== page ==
The Name Game

Calling another kid by an unflattering nickname is a habit most of us left on the grade school playground. Of course, Donald Trump is not “most of us.” Donald Trump seems to take a particular delight in coming up with a derogatory nickname for people he is not too fond of. “Crooked Hillary” is just one example.

Some of the people he attacks don’t take the bait and engage him in this fashion. I admire them. I don’t think I would capable of that much self restraint. If a punch in the nose wasn’t an available option, and the guy is of course surrounded by Secrete Service agents, I’d at least resort to the obvious retorts. “Donny Draft Dodger” is a good fit. And “Pussy Grabber” would work for an adult audience.

But I am happy to see two of our most recently announced candidates for the Democratic nomination for president in 2020 have found a way to meet the Trump insults forcefully, while stopping short of my tendency to stoop to his level.

Massachusetts Senator Elizabeth Warren, a frequent Trump target, took a broadside from the Tweeter in Chief after she made her announcement:

Not only did Trump employ his usual nickname for Warren, “Pocahontas”, he took a direct shot at her unfortunate claim of being Native American, something for which she has apologized repeatedly. To that he adds a reference to the campaign TRAIL. The capitalization has prompted critics to charge he is referencing and trivializing the “Trail of Tears”, a series of forced relocation of Native Americans which drove the Natives from their historical lands and cost thousands of them their lives. In his defense, some of his supporters have argued that Trump is not knowledgeable about this history and so could not have intended to make light of the tragic events. Think about it. Using ignorance as a defense.

Without resulting to direct name calling herself, Warren called out Trump for posting tweets she said are “racist” and “hateful.” And at a campaign rally in Iowa she added, “Here’s what bothers me, by the time we get to 2020 Donald Trump may not even be president.” “In fact”, she added, “he might not be a free person.”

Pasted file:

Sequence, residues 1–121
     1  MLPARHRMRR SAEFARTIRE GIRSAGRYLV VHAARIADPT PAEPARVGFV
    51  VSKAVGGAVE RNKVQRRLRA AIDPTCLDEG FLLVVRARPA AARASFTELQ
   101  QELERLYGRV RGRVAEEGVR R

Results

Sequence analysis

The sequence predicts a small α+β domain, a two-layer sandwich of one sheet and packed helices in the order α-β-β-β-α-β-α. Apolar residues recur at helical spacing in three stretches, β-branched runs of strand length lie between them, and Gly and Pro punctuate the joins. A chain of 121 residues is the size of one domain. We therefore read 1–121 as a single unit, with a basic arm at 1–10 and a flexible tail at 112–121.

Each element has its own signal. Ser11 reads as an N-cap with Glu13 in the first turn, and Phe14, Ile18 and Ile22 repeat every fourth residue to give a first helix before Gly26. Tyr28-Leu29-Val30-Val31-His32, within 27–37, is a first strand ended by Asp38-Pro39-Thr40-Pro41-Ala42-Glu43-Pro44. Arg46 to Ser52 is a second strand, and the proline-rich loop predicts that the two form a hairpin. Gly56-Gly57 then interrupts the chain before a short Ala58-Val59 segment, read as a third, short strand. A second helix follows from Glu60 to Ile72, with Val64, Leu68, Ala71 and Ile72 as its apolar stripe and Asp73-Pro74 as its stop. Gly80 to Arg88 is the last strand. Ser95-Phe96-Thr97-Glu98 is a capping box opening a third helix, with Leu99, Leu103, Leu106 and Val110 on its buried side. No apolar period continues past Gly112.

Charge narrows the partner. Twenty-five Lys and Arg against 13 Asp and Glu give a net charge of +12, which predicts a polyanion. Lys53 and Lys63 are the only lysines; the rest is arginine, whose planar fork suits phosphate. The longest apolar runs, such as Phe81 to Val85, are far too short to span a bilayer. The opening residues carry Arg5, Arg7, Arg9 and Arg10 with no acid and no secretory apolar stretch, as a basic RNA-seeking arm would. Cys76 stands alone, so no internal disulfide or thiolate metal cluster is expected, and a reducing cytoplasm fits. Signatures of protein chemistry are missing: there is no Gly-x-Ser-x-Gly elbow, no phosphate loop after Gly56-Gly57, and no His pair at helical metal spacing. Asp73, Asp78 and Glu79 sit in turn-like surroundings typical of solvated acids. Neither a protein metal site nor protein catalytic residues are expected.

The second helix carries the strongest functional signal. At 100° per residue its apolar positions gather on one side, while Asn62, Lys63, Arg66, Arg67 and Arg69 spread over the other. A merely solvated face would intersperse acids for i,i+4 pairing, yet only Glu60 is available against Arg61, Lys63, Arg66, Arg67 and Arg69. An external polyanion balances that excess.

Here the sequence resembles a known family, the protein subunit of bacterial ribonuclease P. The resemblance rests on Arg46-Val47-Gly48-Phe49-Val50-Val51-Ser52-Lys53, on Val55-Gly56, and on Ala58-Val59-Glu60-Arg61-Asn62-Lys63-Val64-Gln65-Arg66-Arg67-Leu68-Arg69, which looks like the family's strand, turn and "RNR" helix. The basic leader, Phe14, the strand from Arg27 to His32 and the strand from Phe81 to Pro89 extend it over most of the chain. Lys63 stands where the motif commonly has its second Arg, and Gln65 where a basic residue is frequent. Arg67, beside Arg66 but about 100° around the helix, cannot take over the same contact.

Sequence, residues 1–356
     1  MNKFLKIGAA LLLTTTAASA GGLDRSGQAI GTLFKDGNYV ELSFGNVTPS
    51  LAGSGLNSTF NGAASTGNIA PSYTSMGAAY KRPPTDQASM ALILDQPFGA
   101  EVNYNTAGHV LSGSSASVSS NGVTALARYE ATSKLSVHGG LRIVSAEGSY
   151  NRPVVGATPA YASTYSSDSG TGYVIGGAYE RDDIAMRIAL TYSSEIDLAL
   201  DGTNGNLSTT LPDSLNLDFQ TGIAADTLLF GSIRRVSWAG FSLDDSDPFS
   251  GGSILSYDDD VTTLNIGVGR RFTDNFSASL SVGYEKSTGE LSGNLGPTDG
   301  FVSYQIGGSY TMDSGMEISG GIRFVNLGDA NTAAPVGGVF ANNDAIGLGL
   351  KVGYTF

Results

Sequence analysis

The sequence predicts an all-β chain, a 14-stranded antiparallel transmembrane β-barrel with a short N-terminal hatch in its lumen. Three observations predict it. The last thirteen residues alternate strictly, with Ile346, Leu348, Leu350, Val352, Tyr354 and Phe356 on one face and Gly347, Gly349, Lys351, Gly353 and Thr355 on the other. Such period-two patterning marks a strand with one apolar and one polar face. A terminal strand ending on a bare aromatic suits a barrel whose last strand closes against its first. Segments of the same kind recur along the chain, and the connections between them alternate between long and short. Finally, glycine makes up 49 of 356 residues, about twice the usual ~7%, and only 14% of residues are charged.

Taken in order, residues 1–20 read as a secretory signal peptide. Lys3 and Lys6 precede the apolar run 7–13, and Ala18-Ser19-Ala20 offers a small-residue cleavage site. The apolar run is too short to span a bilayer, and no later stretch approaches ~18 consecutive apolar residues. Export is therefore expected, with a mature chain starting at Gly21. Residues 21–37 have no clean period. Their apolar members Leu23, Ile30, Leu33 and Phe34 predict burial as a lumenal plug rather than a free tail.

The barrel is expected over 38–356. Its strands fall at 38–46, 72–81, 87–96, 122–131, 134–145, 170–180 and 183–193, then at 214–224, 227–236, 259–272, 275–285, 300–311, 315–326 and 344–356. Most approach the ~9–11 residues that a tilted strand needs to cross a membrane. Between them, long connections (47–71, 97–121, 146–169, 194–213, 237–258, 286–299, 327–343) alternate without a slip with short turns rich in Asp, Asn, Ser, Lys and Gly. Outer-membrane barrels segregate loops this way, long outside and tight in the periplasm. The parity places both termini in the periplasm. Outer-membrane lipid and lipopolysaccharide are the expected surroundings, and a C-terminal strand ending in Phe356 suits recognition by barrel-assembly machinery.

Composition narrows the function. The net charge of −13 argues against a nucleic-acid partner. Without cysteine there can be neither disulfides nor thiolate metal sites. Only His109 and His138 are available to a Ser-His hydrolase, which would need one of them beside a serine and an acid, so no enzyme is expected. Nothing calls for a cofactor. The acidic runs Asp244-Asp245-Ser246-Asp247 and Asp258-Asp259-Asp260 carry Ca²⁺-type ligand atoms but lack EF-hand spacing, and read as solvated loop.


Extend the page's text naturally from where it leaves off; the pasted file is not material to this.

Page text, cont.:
Warren is not the only one drawing a barb from Trump. Minnesota Senator Amy Klobuchar recently announced her candidacy for president in the middle of a typical Minnesota snow storm. From the comfort of the White House Trump tweeted:

I could do a whole hour explaining the difference between climate and weather and how Trump just cannot see the difference. We already know he melts in the rain and can’t operate an umbrella. So instead we’ll just let him play the ignorance card again and move on to Klobuchar’s classic response:

Once again a candidate proves she can give even better than she gets, making her point without resorting to the name calling that passes for debate.

And debate is what we need in these troubled times. Debate on the issues of the day and the policy choices we must make. Night after night in 2016 Donald Trump led the evening news by saying the most inflammatory thing he could think of while his opponents, trying to stick to civil discourse and policy based argument, got far less coverage if any. And the media is already at it, focusing its attention on Warren’s claims of native heritage, asking if Klobuchar is too tough a boss, if California Senator Kamala Harris is black enough and does New York Senator Kristen Gillibrand know how to eat chicken.

It would be nice if in 2020 voters demanded better of the news media, and of all the candidates.

 

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